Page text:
Furiosa’s transactional status as a girl (and eventually a breeder once Anya Taylor-Joy smoothly slides into the role) in the world that Miller created is integral to our understanding of it. The wasteland of men, newsflash, isn’t a great place for women! So you’ll excuse me for becoming flummoxed by the film when, at about its midpoint, it seems to throw its hands in the air and stop caring about or explaining anything with regards to that. The biggest question that this prequel had set in front of it isn’t actually the loss of Furiosa’s arm—it’s just how the hell does Furiosa change her status from Joe’s slave to Joe’s trusted driver? And the movie just kind of… jumps right past that?

Granted, there are several steps to the process, ones that involve years passing and Furiosa getting her Yentl on among the Citadel’s working class. But each one of those steps only serves to underline the arc’s incoherence. This portion of the film is positively Swiss-cheese-ian in its approach to character behaviors—are Joe and everyone else not supposed to know it’s Furiosa in disguise? Or do they know and suddenly, for some reason, not care? The script’s insistence on ignoring the sleek blonde elephant in the room stalls its momentum—suddenly no one’s actions seem comprehensible. You keep waiting for a shoe to drop that never does.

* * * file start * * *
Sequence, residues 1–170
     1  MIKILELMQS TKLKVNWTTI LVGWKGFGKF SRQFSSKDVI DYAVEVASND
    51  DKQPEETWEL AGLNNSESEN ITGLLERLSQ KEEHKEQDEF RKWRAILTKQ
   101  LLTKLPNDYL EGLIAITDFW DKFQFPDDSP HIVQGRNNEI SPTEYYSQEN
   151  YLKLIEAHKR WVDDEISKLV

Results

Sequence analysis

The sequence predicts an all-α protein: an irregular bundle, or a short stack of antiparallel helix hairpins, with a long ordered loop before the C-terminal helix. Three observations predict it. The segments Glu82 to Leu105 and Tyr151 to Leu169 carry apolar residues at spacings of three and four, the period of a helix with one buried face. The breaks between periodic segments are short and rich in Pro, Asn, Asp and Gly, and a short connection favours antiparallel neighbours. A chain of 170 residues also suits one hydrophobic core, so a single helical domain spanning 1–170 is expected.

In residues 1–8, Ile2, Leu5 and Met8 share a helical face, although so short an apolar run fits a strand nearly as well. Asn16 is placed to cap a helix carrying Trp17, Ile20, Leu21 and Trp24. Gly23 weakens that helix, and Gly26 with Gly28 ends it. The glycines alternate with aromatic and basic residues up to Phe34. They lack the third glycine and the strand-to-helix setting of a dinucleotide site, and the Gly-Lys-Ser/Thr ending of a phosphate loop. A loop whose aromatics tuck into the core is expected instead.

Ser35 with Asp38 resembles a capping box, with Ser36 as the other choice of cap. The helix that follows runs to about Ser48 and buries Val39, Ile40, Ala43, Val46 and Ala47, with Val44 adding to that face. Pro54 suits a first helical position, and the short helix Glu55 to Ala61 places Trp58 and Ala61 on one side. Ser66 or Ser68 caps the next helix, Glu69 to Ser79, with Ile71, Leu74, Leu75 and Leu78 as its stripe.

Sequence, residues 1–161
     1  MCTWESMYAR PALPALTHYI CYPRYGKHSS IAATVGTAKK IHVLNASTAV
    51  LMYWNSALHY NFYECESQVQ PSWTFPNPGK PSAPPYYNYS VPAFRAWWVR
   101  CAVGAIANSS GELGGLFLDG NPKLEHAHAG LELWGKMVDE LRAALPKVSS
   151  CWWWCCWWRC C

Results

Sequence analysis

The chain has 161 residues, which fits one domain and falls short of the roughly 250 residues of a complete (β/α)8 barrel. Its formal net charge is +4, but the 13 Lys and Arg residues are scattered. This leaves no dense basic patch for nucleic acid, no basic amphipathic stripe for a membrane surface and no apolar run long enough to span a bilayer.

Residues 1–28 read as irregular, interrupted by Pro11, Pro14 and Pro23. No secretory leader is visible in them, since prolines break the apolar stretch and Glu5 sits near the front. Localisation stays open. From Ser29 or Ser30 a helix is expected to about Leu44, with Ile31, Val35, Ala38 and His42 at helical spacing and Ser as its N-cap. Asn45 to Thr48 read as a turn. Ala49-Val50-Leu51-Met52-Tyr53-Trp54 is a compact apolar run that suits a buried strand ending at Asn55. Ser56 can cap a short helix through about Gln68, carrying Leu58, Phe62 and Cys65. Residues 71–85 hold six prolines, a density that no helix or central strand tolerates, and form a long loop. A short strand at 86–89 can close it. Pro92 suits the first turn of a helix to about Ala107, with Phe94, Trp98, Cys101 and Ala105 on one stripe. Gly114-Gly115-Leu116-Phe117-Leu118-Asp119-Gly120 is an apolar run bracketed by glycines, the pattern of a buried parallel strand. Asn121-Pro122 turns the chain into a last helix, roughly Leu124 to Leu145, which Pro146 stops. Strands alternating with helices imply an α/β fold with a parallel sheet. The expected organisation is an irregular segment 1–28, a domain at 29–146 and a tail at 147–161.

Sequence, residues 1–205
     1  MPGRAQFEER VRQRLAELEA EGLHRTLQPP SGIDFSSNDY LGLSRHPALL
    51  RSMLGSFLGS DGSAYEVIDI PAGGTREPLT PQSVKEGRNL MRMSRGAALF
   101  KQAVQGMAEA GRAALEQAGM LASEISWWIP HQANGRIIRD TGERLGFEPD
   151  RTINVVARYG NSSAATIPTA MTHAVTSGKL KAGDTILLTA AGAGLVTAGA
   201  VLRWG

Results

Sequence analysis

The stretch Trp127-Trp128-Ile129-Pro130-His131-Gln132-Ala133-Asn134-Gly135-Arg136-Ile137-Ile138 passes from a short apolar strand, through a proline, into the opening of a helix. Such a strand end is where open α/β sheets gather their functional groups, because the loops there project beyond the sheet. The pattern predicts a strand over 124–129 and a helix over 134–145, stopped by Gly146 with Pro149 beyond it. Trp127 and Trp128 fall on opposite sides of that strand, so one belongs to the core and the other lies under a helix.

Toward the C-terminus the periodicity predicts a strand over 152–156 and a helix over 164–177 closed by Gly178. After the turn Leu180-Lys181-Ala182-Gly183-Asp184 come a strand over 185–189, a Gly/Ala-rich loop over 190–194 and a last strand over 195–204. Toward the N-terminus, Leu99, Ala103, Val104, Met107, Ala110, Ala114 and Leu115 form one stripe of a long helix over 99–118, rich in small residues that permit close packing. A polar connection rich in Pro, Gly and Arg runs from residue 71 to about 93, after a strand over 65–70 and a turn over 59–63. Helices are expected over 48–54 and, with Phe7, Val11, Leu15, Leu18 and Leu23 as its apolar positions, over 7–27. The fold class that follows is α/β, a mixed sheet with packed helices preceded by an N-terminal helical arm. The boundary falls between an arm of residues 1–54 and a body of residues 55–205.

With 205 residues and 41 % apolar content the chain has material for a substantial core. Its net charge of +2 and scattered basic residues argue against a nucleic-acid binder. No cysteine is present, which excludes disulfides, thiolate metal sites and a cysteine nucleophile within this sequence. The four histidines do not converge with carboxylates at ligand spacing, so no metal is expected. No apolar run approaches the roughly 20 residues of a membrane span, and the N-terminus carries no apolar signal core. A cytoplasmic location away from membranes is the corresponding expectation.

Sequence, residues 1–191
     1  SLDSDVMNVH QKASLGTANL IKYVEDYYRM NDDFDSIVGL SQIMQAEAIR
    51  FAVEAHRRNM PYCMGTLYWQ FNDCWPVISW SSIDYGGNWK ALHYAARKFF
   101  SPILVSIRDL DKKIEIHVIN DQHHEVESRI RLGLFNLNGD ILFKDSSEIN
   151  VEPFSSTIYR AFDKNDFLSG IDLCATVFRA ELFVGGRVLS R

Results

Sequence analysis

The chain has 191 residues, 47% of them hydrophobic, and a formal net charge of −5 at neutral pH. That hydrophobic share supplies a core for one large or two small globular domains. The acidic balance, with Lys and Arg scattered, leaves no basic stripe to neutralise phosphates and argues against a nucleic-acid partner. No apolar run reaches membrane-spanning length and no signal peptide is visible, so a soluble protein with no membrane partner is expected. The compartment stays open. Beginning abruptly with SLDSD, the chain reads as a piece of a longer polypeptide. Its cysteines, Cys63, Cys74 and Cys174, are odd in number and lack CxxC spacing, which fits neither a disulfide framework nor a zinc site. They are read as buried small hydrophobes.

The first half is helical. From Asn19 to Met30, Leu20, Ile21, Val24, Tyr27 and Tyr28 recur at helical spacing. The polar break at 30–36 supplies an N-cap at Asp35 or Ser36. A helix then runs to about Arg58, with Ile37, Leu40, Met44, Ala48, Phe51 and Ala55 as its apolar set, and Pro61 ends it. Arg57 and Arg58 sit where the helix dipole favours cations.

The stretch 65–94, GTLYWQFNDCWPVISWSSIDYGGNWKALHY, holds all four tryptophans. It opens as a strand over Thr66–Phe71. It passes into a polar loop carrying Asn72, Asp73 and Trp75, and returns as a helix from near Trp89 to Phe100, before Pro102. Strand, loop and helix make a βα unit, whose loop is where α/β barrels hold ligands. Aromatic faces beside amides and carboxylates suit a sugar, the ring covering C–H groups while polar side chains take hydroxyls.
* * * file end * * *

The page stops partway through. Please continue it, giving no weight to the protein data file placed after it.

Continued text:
If Furiosa wants to insist it, unlike Fury Road, is indeed a Saga—a study of how its character became—then it needed to pay some more mind to its steps. But across its second half, the film just becomes Fury Road multiplied—instead of the simple back-and-forth of Fury Road’s construction, here we start ricocheting within a triangle of destinations (the Citadel and the previously-mentioned-but-unseen Gastown and Bullet Farm) with very little attention paid to why. We lose our grip. Everyone suddenly feels like ants scattered across a map, twisting in the wind.

And so, for all of the many profound pleasures that there are forever embedded in watching George Miller visualize his personal brand of mayhem on a scale beyond imagining, something in Furiosa really ends up feeling lacking. The pieces are all there, but they don’t quite snap into place. The thing that’s made watching Miller work such a seat-of-your-pants thrill has always been the control of his chaos. There might be dust-storm tornadoes shooting out lightning while a dozen characters caught up in it scream gibberish at one another, but George Miller made you understand it all dammit. Furiosa, for all of its grandly staged entertainment, feels like the wheel slipped.